ArcGIS Pro

Mind the map: a new design for the London Underground map

In a 2019 blog I explained how you can make a schematic transit map in ArcGIS Pro. The principles for production remain, but I always had a nagging feeling that the map I made, showing my reimagination of the famous London Underground map, didn’t quite cut it. Time to give it another go!

In May 2022, ahead of the 90th anniversary of Harry Beck’s original London Underground diagram, the new Elizabeth Line was opened. To me, this added more complexity to an already convoluted map. It is congested, with often overly complicated route directions and intersections. The colours no longer make sense with the multiple forms of transit being shown on the same map, and the distinction between them lacked coherence. The uniform line thickness suggests equal service throughout the network which is not the case as frequency of service can vary between 30 trains an hour to 1 train an hour. This is information that could be designed into the map’s graphical language.

So I redesigned my own redesigned map from that earlier blog.

London Underground Overground: a new design for the London Underground map

This map demonstrates what a totally redesigned schematic layout might look like that simplifies the organisation of lines, and station intersections. Here’s a small extract from the upper left section of the map (though you’ll need to click on the images, or download the actual map to see the detail)

London Underground Overground: detail of upper left section of the main map.

It uses different font treatments to encode different types of station (such as interchanges, and connections to National Rail services), as well as a redesigned treatment for station symbols. It also demonstrates a new colour scheme for the lines based on mode of transport to replace the randomness of the iconic, though confusing, traditional scheme.

It adds route information alongside lines, and in an accompanying table, because not every route segment on a named line travels the full extent, or even pairs the same origin and destination. And finally, it encodes frequency of service (expressed as average wait time) by scaling the thickness of route segments to give a sense of how long you might have to wait for your service.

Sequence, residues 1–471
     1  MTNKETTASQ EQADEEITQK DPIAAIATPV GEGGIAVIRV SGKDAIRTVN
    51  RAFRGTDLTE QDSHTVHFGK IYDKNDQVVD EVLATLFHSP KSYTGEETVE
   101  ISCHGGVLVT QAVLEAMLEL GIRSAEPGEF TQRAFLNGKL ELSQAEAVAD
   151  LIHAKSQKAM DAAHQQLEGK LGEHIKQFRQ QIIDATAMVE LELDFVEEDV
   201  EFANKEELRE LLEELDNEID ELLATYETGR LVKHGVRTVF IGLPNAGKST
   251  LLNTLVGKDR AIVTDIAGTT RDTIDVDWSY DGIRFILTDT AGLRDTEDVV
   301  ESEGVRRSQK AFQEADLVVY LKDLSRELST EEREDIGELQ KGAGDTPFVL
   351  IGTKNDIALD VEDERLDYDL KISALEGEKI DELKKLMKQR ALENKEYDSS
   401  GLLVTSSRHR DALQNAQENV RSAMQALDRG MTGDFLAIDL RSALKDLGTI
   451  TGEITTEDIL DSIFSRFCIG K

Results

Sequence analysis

It’s both a familiar expression of the famous London Underground map, but makes many changes that bring additional information to the user, using a modern, cleaner, more consistent, and visually accessible schema for those with different colour vision.

You can download the map here. Let me know what you think of it, and whether you find the Easter eggs.

Happy schematic mapping!

About the author

Ken is an academic cartographer and geographer from the UK, and since 2011 he teaches, talks and writes about cartography, and makes maps to demonstrate map design at Esri. He considers himself a professional 'cartonerd', educated with a Bachelors in cartography and a PhD in GIS and health geography, and over 30 years experience designing curricula, and teaching map design and GIS. He has presented and published an awful lot and is in demand as a panelist and keynote. He blogs (, tweets (@kennethfield), is past Editor of The Cartographic Journal (2005–2014), and past Chair of the ICA Map Design Commission ( 2010-2018). He’s won a few awards for maps, pedagogy and kitchen tile designs. He is author of the best-selling books 'Cartography.' and 'Thematic Mapping' and leads the Esri MOOC on cartography which has been taken by over 200,000 students interested in making better maps. He snowboards, plays drums, builds Lego and supports Nottingham Forest.


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